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Posts Tagged ‘gardens’

Japanese Lake

Whew—it has been so hot for so long now. Some time ago we promised ourselves a visit to Toowoomba, our garden city, where we could cool down in its high altitude setting. Here we discovered a gorgeous Japanese themed garden, a treasure that became the perfect place in which to relax in comfort.

A formal ‘sister city’ agreement between Toowoomba and the Japanese city of Tokatsuki was officially established on the 13th November, 1991. A signed Declaration of Friendship agreed to deepen this relationship through mutually beneficial exchanges in educational, sporting, cultural, and commercial areas.

Japanese Pagoda

As Toowoomba is also the central campus for the University of Southern Queensland, its Japanese walled garden has paid a magnificent tribute to its sister city. The garden’s 3 hectare site includes elements of a mountain stream and waterfall, a dry stone garden, a central lake, azalea covered hills, and 3 kilometres of paved pathways. Many species of Japanese and Australian native trees and plants combine in seamless and restful harmony. Its name, Ju Raku En, means, ‘to enjoy peace and longevity in a public place.’

Japanese Bridge 1

Several small pagodas and wooden bench seating add spaces for rest and contemplation. Splashes of colour will also greet you in this stunning haven. While other Japanese gardens have appeared Australia wide, Ju Raku En is the largest and most developed.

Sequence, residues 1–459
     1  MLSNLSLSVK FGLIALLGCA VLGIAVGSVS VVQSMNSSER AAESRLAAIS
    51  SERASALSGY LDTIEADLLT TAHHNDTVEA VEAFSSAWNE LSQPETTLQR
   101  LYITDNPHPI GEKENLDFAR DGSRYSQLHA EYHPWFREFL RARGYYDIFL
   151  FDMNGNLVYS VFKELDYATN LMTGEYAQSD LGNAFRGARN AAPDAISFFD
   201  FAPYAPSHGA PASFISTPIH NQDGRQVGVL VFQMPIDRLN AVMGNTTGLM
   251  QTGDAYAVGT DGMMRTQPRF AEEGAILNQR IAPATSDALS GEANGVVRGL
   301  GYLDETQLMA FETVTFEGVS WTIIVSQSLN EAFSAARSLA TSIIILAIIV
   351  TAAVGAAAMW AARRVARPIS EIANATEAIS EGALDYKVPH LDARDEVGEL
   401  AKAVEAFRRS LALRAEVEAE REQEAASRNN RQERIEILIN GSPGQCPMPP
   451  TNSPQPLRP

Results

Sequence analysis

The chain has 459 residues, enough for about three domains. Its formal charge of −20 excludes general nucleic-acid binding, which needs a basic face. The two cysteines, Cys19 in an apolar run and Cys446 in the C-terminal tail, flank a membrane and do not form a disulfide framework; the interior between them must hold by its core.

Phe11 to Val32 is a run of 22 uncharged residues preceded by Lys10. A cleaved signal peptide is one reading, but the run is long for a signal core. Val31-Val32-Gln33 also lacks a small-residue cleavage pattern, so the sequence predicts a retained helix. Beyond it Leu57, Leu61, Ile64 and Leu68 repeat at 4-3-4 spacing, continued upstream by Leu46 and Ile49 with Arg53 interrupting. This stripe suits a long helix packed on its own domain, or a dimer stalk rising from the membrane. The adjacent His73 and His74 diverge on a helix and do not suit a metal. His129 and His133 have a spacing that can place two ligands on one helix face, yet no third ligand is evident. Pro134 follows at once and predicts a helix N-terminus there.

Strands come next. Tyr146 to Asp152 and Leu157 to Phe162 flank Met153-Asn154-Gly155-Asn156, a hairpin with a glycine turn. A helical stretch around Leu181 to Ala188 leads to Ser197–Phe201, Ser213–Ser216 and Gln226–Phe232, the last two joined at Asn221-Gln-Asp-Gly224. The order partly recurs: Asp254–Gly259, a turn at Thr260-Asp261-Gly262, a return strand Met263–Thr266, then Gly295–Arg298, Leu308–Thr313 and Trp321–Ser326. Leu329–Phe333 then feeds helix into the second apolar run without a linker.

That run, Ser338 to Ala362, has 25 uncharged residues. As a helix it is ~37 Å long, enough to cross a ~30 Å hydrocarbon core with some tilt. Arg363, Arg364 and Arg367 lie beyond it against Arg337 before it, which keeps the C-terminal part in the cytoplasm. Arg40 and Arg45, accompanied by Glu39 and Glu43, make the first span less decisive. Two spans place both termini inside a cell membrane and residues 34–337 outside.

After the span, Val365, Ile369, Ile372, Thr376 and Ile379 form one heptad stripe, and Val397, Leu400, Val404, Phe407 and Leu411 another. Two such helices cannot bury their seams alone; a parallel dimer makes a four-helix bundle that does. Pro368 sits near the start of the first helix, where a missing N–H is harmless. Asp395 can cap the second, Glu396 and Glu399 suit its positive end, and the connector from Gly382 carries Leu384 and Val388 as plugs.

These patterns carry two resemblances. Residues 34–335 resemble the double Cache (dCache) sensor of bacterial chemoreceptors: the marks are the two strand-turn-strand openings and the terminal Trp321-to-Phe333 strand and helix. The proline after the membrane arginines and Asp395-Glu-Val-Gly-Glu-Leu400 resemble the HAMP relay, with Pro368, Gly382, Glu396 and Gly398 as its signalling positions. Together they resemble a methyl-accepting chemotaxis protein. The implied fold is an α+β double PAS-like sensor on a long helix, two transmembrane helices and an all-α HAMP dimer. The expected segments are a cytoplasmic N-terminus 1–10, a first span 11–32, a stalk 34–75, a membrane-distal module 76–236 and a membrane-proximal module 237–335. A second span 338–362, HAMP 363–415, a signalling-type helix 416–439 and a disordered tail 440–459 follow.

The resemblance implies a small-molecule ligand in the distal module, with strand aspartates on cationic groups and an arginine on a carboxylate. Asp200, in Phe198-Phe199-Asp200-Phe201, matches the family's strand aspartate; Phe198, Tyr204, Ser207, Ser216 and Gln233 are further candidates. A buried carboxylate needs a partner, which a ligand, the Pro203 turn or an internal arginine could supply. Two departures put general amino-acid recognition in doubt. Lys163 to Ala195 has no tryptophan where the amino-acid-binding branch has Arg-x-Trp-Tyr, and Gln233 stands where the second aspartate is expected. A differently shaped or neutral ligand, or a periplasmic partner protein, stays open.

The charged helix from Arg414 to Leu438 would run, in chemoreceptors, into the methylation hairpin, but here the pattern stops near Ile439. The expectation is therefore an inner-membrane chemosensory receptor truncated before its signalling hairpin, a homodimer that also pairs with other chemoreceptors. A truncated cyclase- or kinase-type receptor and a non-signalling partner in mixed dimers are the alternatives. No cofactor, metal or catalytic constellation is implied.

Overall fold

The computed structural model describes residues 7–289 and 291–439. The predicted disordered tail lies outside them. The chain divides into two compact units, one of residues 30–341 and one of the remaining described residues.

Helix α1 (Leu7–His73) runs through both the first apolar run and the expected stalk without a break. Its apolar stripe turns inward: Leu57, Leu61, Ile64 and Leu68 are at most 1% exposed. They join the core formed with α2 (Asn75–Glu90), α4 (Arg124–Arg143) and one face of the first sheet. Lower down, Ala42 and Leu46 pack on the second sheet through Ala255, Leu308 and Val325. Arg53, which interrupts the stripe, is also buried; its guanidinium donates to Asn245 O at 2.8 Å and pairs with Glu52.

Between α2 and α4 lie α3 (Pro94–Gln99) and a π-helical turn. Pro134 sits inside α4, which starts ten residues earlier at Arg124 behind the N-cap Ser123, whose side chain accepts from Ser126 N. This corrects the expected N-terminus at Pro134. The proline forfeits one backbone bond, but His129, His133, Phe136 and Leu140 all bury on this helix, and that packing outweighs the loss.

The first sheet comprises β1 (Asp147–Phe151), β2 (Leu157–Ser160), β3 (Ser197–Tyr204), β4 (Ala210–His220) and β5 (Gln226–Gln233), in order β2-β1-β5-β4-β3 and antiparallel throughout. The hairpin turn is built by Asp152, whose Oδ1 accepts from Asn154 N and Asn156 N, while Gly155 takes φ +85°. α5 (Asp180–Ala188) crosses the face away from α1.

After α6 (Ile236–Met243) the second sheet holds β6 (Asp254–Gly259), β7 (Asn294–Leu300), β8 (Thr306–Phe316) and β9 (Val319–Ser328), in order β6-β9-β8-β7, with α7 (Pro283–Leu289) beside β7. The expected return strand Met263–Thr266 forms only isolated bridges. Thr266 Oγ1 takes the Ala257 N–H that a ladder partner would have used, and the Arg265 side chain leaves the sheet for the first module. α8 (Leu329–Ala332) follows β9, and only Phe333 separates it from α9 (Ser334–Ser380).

In closing, I was attracted to a red Japanese gate I couldn’t resist photographing. I discovered it some time ago in the Cable Beach Resort Garden at Broome, in the Australian Kimberly Region. Its distinctive architectural form and blaze of colour cried out to me, ‘I am proudly Japanese.’ As it seemed to belong here I have included it.

Red Gate

 

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picnic-point-1

The sun feels warmer on our backs and the days are spreading out. Its time now to get adventurous and enjoy the delights of the early summer. Toowoomba, one of Australia’s garden cities, is located west of Queensland’s capital city, Brisbane. A university and cathedral city, Toowoomba’s residents also enjoy its 150 spectacular parks and gardens. Situated high on the crest of the Great Dividing Mountain Range, with its cooler climate and rich volcanic soil, ‘Absolutely everything will grow here,’ say the locals. By way of celebrating their love of all things horticultural, a Carnival of Flowers is offered every year during September.

laurel-park-2

   To savour the delights of this festival, our first stop includes the magnificent grounds of the Laurel Bank Park. Here an incredible free-growing meadow has been planted. Visitors wander amongst a cacophony of colour as they stroll through tulips, daisies, pansies, and an arbour festooned with lavender wisteria.

laurel-park-wisteria

   Our next stop at the Toowoomba Regional Art Gallery, leads to a room where landscape and botanical paintings from the gallery’s collection have been hung. Scattered among the pictures are stunnng sculptural works, created by members of the Toowoomba Ikebana Group. Decorated in the Japanese style, each piece showcases fresh flowers, leaves, and branches – all appearing in their individual beauty.

ikebana